Alright, then I have a pre created container engine. So, if you don’t know you want to create kubernetes cluster, you don’t have to spend five 10 hours or type of stage to do is just equal to Google Cloud and create cluster and special web. How much CPU, how much RAM we need. Then, in a few minutes you have a cluster than the on cloud. I have to have this container cluster created here, as you can see, have a made 36b CPU 135 gb of ram, so you just give up scale down easily.
I just frequent this for demo purpose. Looking at the code, oh okay, yeah, look at the code. I really I really have a transaction manager here and everything else is basically obviously wrapping code which can be available through GRDC running on the cloud. So I’m going to talk about the TR transaction manager. Ladies only so have a table. I have a few operations like open accounts, supported debits credits, get a trading account information and transfer, so I’m going to skip all the rest.
I’ve spent like one minute here explaining a spinner on the context: API 8 in there yeah contact a page here, yeah, that’s very important, so so it’s better doing through the transaction. You probably you’ve already know in closing JDBC just start and second setup commit the falls to whatever you do in commit in spinner you best operation together, you run it it’s all in all successful or fail. So we all manage my strategy for you.
So what I did here is really read it combatants of account one and we kind of read the balance of a country right then I add the balance to account and debit from one account one just negative yeah I can. I can make it bigger. Unfortunately, I think it’s the resolution issues, but I hope you can see it clearly. Sorry. So it’s very simple: it’s very simple to division body. You get balance of two accounts, add to the second account and do something about it and save it together.
So ever ever demo banking application as a standalone. I just want to run it here to show you works. Ok, ok! This is banking Co. I am going to open account. Eight eight eight, eight okay, open now open okay, I read it account how much money I have of course, zero right. I have already pre opened one account. Okay, I don’t have a one one: seven, three dollars a transfer to eight eight, eight, seven dollars: okay, a transfer successfully already a’muslim value is 7 right, at least one one, one, each one, six six, so you worked as a task right.
How do I run in cloud right now, so I have to go to the cloud console. I already have a machine running in cloud, so I’m going to attach it in there and show you how to deploy a cloud and how simple it is. Do we have Wi-Fi yes sure, so, I’m going to build and deploy for simplicity authority to have damage in the single shell script. I probably have to use the line work, what slope, but maybe later so I export a good path.
I basically compile the soft code right. I copy the docker file to the binary, folder and start building dirges in the docker field and their tag it and the cloud. I push you to Google Cloud as a one version of the of the code, so I’m going to build it. You finish you in second, because the code hasn’t been changed. Yet. Oh someone changed it. Okay, we will push into Google Cloud. This done. Okay, so in seconds I push this kota-kun cloud now I want to push to the kubernetes cluster.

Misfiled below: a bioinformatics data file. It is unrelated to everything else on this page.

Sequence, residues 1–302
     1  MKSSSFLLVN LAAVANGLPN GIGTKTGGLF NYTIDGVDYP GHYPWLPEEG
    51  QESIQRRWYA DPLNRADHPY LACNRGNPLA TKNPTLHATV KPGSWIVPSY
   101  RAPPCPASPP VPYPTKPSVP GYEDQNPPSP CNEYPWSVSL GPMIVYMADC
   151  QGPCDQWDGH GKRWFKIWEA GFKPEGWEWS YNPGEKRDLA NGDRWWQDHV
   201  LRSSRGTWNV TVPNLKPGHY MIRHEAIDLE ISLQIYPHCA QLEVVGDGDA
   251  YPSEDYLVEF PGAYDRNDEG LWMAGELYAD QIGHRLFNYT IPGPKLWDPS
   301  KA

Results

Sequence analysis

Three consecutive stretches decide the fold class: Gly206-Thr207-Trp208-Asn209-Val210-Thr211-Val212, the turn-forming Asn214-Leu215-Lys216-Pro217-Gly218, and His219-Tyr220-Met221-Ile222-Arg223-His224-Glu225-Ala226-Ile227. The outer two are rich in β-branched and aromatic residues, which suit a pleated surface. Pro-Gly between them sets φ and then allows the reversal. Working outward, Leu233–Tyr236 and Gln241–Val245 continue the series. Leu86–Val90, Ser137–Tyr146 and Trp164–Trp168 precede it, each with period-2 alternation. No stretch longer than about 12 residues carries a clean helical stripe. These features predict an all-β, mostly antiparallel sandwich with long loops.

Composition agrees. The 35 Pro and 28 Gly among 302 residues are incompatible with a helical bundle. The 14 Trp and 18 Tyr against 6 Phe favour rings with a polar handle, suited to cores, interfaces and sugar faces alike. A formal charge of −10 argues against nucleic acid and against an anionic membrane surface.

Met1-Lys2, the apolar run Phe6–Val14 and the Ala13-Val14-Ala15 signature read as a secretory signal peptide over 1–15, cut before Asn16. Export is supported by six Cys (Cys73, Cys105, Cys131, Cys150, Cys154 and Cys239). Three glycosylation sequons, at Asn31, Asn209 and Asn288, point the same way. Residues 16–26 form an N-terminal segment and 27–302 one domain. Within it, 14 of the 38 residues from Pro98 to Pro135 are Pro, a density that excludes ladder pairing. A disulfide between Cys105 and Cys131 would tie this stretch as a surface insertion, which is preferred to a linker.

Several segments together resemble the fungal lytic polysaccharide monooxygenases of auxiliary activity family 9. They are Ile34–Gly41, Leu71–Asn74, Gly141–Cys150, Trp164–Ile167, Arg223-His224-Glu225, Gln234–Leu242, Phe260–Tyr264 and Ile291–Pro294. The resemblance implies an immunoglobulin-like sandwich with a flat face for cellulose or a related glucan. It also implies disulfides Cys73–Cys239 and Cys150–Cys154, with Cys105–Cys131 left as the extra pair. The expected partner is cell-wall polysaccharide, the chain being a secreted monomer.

I want to run five copy of the company’s rotation of the scheduling, at least if Michael, had ballet crashed after three days community of star one immediately mini seconds. So in kubernetes I really create a replication controller. So really really what does it? Do? You really say: okay, I’m a replication, solar disk sure I have a certain number of replicas running on the cloud. The number of radicals – five, the name of the replicas starting with banking RTC and had some labels there and, most importantly, the image image here – is actually the image I deployed at now.
So with this I can use overcooks it here to deploy the cloud yeah guess what is running by parties. Now, it’s not happy. I own around ten copies, because that we need a skill in the few minutes. In a few seconds you can see. 10 cops are running one still creating I’ll do again. You’ll see they’re all running you all wired behind load balancer. I have free creative equal to a bunch of takes like three minutes.
Okay, now I’m going to run the demo on untested listing out I’m going to use ten threats, a factors rent end transaction on a new server. Then I’m going to use finder stress, 100. Thousands of transactions, four beckons all right. That’s about a little bit close to 3,000 clip yet and with 3,000, keep us in, for we can handle 260 million per second per day, and that’s probably enough for China and you wan na spend find a dollar same amount on this.
Thank you very much. Oh. We don’t hold you back for lunch, but apparently I’m happy to wear happier to answer. We are yeah. Let’s just go too much. Yes,